Sunday, March 10, 2013


Sometimes, you will find yourself needing to join multiple layers of fabric invisibly without the sort of access to the interior that would make the understitch an option. For example, you're sewing a self-enclosed facing piece to a collar, or you've turned out a tie belt and now you have to close the little bit that you used to pull the belt through with. To do this, you have to use a hand sewing technique called the Slip-Stitch.

The slipstitch is a hand-stitch that starts from the back (interior) and goes through all the layers of fabric except the frontmost (exterior) layer of fabric, before coming back up through all layers to return to the back. Generally, you want to put your finger behind that last layer of fabric and if you feel the needle prick your finger, you pull back just enough to feel that layer of fabric "slip off" before pushing the needle back towards where you put it in. This means that the stitch remains "invisible" to the outside of the garment. It also means you'll learn the value of "light touch" very quickly or you'll need to get in good with your local blood bank (I've always been an elbow-grease kind of girl myself, this is a new horizon for me).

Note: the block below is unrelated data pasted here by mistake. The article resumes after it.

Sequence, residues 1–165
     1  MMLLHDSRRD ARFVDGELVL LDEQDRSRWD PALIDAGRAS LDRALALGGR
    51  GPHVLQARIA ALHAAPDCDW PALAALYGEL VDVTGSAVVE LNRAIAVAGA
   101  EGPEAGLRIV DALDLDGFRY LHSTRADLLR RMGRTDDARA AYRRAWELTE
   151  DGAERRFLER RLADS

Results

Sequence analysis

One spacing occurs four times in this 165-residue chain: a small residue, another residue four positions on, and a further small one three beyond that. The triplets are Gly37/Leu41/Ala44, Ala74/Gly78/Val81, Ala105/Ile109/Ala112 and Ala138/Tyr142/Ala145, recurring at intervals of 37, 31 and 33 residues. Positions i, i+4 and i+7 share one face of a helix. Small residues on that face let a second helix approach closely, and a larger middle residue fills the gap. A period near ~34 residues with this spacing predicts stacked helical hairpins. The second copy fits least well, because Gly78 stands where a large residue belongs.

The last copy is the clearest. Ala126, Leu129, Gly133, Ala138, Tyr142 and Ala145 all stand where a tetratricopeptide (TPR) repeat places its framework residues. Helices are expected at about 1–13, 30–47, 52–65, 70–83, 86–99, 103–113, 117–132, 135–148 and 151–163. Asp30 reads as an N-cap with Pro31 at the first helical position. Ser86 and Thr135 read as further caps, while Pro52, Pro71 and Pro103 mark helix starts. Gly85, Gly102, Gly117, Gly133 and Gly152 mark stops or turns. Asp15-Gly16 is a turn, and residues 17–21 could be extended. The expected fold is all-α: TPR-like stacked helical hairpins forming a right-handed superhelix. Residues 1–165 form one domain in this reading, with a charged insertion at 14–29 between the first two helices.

I recommend using a smaller, thinner needle for this -- a larger, thicker needle is going to be harder for the fabric to slip off of, and will make a bigger hole in your finger if you get carried away.

Practice It...
It's always a good idea to practice the slipstitch before you have to perform it for real--this is a tricky stitch to master! All you need to do is create 3+ layers of fabric to join. You can do this by copying the little pocket I created in the video, or simply by folding some fabric in half and then folding it in half again, and then picking which side you want to be the front and which side you want to be the back.

No comments:

Post a Comment